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Local news anchor breaks ground with braids

LaToyia Edwards and her braids

LaToyia Edwards, morning anchor at NBC Boston, reports:

Big Thank You to @NBC10Boston, Parent Company @NBCUniversal and You our Viewers for supporting my decision to wear my hair in braids anchoring 4-7am here in my My beloved hometown Boston. Our station is the 1st to do it, committed to reflecting all of our City.

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Comments

She looks great! Was there really a dress code that she couldn't have braids? It is bad enough that the female newscasters are all apparently required to share the same dresses...

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Here's John Oliver's show about Black people's being discriminated against because of their hair choices. Not specific to this case, but it shows why this is a big deal.

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Yes, POC’s hair is “policed” just as is every other part of their lives.

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Gorgeous!

Can't believe this is still a big deal, but sadly, it's still a big deal.

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I could have sworn I saw a local weather reporter with them.

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just choose to believe this Black woman.

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Chill out, everything isnt a conflict

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Cancel yourself please.

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the first thing you learn watching law and order is that eyewitness testimony is unreliable.

it doesn’t have to apply here but it’s a weird joke for you to make

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The guy was talking about seeing a weather person on TV with braids and people jumped down his neck about it like he was some sort of horrible person who needs to listen to black people more and know the history of policing black women’s hair.

Gtfo with that.

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Voting closed 61

5 minutes in the misgendering corner.:0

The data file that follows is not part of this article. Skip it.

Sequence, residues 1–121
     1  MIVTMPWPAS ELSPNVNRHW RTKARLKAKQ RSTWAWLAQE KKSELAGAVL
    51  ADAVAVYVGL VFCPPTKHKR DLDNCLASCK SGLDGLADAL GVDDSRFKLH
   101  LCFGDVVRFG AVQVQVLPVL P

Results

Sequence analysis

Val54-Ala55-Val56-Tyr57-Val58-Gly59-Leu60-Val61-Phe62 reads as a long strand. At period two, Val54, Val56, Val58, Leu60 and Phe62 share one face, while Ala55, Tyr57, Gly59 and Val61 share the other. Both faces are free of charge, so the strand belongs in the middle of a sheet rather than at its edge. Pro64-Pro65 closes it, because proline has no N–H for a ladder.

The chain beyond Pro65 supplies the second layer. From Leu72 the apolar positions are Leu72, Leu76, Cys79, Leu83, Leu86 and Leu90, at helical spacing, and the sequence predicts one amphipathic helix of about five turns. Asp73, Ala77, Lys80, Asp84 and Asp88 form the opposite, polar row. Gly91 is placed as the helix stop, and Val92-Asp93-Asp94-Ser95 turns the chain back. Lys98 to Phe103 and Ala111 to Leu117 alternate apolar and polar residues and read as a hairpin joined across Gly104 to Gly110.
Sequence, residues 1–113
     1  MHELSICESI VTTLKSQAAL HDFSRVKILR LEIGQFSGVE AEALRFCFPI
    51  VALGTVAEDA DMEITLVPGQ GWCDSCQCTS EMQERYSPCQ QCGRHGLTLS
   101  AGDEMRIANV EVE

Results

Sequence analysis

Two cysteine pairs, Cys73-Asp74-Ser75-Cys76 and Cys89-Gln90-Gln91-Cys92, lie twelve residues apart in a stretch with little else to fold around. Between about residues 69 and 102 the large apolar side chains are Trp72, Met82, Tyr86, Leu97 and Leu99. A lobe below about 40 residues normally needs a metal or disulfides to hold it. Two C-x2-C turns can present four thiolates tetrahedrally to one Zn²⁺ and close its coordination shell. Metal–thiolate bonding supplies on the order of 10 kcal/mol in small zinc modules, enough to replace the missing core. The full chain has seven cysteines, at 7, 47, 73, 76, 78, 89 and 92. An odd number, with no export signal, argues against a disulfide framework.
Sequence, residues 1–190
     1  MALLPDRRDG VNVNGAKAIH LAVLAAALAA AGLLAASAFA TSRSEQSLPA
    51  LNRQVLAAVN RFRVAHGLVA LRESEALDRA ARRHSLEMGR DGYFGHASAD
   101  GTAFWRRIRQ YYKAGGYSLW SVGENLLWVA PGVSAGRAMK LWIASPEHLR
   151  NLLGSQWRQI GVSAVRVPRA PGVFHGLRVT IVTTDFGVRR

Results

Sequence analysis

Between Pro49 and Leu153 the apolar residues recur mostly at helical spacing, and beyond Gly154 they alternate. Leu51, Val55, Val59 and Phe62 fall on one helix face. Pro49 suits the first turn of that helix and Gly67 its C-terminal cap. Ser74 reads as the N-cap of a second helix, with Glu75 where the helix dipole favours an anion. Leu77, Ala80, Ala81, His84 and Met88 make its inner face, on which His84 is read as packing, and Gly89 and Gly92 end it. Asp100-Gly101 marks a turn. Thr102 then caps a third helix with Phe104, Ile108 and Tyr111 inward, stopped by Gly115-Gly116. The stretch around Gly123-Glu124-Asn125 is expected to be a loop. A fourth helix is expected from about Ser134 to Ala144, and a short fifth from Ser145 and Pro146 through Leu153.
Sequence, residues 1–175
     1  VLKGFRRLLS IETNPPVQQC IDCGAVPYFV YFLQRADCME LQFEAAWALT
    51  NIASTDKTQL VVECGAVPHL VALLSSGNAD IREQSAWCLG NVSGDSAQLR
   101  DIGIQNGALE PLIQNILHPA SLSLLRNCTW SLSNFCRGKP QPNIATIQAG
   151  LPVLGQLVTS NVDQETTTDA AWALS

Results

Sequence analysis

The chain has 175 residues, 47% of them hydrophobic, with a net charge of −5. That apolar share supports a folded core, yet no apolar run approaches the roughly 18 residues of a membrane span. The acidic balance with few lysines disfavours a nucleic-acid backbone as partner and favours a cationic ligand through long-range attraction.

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And I’m not even gonna joke about that one….

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but we know white men always have to be centered in these conversations so i’ll just move on.

again, i think a joke like “your memory is racist” is pretty obviously off the mark for a member of law enforcement.

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You are comparing the fate of many people in this country who have been put in prison for life and sometimes executed (based on eye witness testimony) to an internet commentators observation of the hairstyles of local meteorologists?

No I think those comments and yours are “off the mark.” Yea, my white privilege is the reason I’m not allowed to call out BS when I see it. Why don’t you go up to Johanna M. Gilbert (comment added after because she has no user name) and tell her all about what she needs to do and what she should have known.

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try engaging with the words i’m writing. nobody is comparing “the fate of many people in this country” to anything. i’m not going to rewrite my comment a third time because i think you can read.

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Eyewitness memory in law enforcement can result in wrongful imprisonment or even death.

Eyewitness memory from some random internet commentator regarding hairstyles they may have seen on tv…..? Different story.

Are you asking me if I’m aware of identification processes and the implications in regards to criminal procedure? Yes I am, but that just seems odd to being into this discussion.

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Eyewitness memory from some random internet commentator regarding hairstyles they may have seen on tv…..? Different story.

if you’re willing to make a “cancel” joke here, i think it’s fair to wonder what you would do in another situation.

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You’ve already made assumptions about my race and attitude. Make some more.

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or did i point out an off-color joke and ask a question?

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Biases around things like hairstyles do play into mistreatment in the legal system and other places, as do biases like the one shown here where a white person assumes a Black journalist doesn't understand her own situation and did no fact-checking, so she apparently needs to be whitesplained.

It does no good to say we'll be committed anti-racists when it's a matter of life or death, but the rest of the time we'll tell people they're overreacting.

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That’s not whitesplaining. Read that comment again. You are reading way too much into it.

I have no issue with your second paragraph, although I don’t think that’s true here.

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That is exactly the opposite of what you learn from watching Law and Order. Eyewitness testimony is totally perfect. How else can you investigate, solve, and prosecute a murder in 50 minutes?

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thanks, lol.

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1) referring to race as "skin color"

2) engaging in racist behavior, then when called out, asking that person why they brought race into it

3) commenting in the first place to correct a Black woman when you could have just let this be a celebratory moment for her and for Black folks that has nothing at all to do with you

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It's almost like they could be asking in disbelief because a no braid policy is stupid.